Equipment
Considering the recent influx of new safety equipment technologies in the marketplace, it is crucial to investigate what is out there. Too often, we hear workers say they are using a piece of fall arrest equipment that will still allow them to hit the ground in many situations. They continue to use this equipment either because they are instructed to do so per a  work procedure, or because no one has come up with a solution. There is always a solution, because the alternative is a fall injury. Most labor enforcement agencies have zero tolerance policies regarding fall incidents, so we must find a solution.
Rescue equipment also needs to be evaluated regularly. This often requires more than one type of device and technique. Don’t be afraid to look around and see the capabilities of  other devices. Alternately, make sure you keep up to date with what you manufacturer will allow you to do with your rescue device, as this often changes. Sometimes the manufacturer allows equipment to be used in different ways, while other times they will impart new restrictions.

Training
Technical rope rescue gear that a high angle rescue team uses will work, but is often complicated and requires constant training. This is not a good idea if you don’t train monthly.

Choosing pre-rigged rescue equipment that is simple to use is key. Most manufacturers have something like this on the market, but we sometimes see way more complicated systems put into place. This is often due to decision-makers’ acceptance of the status quo and failing to innovate. The person in charge is often convinced the complicated way the only way,as that is all they know or have been taught.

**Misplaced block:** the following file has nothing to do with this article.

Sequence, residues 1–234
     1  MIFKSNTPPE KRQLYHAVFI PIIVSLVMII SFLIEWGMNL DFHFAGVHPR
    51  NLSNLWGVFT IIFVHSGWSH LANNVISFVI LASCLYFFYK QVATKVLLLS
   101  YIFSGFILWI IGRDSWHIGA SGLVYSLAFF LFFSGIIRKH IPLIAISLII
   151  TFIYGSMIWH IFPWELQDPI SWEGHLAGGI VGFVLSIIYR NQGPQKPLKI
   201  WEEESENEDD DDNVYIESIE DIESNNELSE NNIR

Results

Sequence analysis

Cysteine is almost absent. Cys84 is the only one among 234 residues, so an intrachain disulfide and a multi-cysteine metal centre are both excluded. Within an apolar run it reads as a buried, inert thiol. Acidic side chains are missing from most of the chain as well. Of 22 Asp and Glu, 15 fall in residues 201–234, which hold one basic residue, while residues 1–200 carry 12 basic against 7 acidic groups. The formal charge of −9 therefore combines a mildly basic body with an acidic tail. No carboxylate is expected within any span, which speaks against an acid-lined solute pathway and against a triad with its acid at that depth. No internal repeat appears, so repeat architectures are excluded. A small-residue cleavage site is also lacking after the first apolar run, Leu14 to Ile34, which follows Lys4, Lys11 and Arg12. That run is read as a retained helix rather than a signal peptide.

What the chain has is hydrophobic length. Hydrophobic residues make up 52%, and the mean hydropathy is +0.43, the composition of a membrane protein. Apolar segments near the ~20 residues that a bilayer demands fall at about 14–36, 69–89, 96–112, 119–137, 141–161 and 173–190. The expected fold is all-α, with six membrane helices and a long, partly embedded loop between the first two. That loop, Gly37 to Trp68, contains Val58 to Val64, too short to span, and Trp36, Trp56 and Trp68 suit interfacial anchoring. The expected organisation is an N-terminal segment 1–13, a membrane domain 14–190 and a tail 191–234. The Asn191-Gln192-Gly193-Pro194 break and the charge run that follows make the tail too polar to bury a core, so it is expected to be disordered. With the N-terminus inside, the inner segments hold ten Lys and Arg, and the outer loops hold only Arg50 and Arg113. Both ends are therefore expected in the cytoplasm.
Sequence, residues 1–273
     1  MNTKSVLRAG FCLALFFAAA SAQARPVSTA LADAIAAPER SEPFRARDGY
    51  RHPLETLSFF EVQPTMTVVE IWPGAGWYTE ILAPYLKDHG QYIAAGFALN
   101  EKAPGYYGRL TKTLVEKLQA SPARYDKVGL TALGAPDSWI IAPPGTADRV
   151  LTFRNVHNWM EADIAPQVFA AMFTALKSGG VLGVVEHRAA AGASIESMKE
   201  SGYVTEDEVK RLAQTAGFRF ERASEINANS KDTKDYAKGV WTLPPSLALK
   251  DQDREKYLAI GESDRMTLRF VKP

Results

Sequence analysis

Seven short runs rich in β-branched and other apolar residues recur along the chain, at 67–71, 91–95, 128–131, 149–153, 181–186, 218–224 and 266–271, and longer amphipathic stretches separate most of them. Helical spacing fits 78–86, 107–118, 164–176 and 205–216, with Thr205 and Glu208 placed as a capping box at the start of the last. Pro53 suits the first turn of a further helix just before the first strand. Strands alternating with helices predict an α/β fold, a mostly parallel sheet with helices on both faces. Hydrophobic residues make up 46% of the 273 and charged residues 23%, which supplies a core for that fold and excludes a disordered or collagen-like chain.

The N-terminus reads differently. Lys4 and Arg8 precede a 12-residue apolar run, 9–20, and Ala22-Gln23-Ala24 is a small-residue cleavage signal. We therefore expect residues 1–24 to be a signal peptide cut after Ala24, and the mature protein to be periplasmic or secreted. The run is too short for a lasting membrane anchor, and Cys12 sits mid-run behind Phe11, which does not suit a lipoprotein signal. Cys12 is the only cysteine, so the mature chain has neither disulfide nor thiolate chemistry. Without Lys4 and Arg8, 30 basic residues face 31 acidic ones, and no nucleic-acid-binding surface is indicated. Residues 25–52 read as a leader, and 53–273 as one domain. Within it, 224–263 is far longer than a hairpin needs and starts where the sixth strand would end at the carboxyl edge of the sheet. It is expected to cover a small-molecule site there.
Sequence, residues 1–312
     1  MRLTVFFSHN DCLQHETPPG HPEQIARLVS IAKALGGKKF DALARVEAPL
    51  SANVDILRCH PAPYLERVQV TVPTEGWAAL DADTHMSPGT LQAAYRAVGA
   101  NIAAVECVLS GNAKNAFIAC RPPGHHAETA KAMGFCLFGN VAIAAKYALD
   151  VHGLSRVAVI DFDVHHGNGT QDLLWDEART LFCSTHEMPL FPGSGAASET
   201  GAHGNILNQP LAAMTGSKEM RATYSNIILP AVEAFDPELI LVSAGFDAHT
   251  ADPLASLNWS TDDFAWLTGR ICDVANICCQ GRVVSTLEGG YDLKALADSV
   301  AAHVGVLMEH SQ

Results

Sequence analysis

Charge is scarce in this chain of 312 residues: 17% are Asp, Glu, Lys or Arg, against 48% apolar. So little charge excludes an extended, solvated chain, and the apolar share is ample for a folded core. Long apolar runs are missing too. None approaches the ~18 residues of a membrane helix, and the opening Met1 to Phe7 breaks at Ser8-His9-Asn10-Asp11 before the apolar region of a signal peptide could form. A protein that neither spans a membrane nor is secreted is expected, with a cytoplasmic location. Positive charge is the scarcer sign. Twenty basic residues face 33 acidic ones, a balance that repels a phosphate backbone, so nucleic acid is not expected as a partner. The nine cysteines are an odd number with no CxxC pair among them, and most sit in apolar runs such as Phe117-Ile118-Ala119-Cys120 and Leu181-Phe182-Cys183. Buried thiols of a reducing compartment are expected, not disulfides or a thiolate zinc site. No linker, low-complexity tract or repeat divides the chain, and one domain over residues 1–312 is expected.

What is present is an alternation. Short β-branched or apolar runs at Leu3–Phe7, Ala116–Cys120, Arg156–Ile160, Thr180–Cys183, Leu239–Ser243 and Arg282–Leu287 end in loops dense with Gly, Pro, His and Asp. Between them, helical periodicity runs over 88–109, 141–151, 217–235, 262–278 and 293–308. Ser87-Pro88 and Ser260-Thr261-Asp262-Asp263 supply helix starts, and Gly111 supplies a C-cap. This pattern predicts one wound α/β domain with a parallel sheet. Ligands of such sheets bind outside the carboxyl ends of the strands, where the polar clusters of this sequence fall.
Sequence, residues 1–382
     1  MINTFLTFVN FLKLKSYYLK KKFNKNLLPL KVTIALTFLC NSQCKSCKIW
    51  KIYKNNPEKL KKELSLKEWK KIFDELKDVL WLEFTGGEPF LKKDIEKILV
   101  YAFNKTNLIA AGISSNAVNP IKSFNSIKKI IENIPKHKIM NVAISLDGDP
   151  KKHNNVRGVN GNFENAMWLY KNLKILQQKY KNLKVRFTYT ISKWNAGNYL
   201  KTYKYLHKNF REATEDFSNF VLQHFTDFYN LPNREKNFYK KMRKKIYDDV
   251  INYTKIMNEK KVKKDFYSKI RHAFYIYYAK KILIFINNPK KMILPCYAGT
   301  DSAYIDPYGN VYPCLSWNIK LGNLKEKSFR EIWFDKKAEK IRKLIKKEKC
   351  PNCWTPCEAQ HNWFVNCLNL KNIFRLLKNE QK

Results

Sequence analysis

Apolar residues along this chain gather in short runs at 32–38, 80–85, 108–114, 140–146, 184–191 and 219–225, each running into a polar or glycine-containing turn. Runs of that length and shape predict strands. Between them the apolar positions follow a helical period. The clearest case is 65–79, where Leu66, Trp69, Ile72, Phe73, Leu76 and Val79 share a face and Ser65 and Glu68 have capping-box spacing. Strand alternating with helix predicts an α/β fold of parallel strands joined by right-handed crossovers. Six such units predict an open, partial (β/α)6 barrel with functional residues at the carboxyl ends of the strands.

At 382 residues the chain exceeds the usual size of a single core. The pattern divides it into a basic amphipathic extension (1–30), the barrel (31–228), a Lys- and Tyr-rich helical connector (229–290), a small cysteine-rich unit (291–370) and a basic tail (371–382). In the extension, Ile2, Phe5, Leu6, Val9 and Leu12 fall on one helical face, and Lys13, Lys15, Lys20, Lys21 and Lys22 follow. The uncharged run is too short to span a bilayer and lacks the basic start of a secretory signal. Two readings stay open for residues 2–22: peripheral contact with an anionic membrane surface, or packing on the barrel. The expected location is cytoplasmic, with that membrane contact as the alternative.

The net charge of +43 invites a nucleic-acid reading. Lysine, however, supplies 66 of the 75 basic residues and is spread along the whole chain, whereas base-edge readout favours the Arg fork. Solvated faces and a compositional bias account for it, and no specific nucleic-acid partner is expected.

When your staff takes its fall protection and rescue training, they need to know the capabilities of their rescue equipment and PPE (along with any limitations your company or manufacturer may impose). Conducting hands-on drills should include moving bodies (dead weight) around obstructions to give the participants a greater appreciation of what is physically possible. This will of course make for better rescue plans.

I always like people to be able to visualize the rescue realistically. What I mean by realistically is that they have taken into account the limitations of the equipment, staff and have addressed as many of the variables as they can.

The Resuce Has To Be Executable
For example, the rescue plan may state the rescuer will move the patient over an obstruction. That may work most of the time, but what if today the patient outweighs the rescuer by 100 pounds? Was that taken into account when preparing the rescue plan?

So in a nutshell: assess your work locations and methods of fall protection regularly so that you are doing the work as safely as possible; choose easy-to-use and easy-to-remember rescue equipment, since the main job of your personnel is not that of a professional rescuer; and train your staff to use your gear effectively and prepare realistic rescue plans so they can actually execute them when needed.